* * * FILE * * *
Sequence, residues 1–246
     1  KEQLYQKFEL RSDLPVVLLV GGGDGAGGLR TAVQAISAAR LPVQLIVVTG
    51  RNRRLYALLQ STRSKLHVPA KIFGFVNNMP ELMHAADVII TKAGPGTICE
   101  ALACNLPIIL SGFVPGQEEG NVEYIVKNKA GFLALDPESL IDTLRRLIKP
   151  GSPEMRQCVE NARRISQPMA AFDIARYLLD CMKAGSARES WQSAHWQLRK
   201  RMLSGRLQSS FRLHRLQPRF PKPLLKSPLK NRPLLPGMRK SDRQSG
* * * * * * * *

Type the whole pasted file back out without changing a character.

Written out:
Sequence, residues 1–246
     1  KEQLYQKFEL RSDLPVVLLV GGGDGAGGLR TAVQAISAAR LPVQLIVVTG
    51  RNRRLYALLQ STRSKLHVPA KIFGFVNNMP ELMHAADVII TKAGPGTICE
   101  ALACNLPIIL SGFVPGQEEG NVEYIVKNKA GFLALDPESL IDTLRRLIKP
   151  GSPEMRQCVE NARRISQPMA AFDIARYLLD CMKAGSARES WQSAHWQLRK
   201  RMLSGRLQSS FRLHRLQPRF PKPLLKSPLK NRPLLPGMRK SDRQSG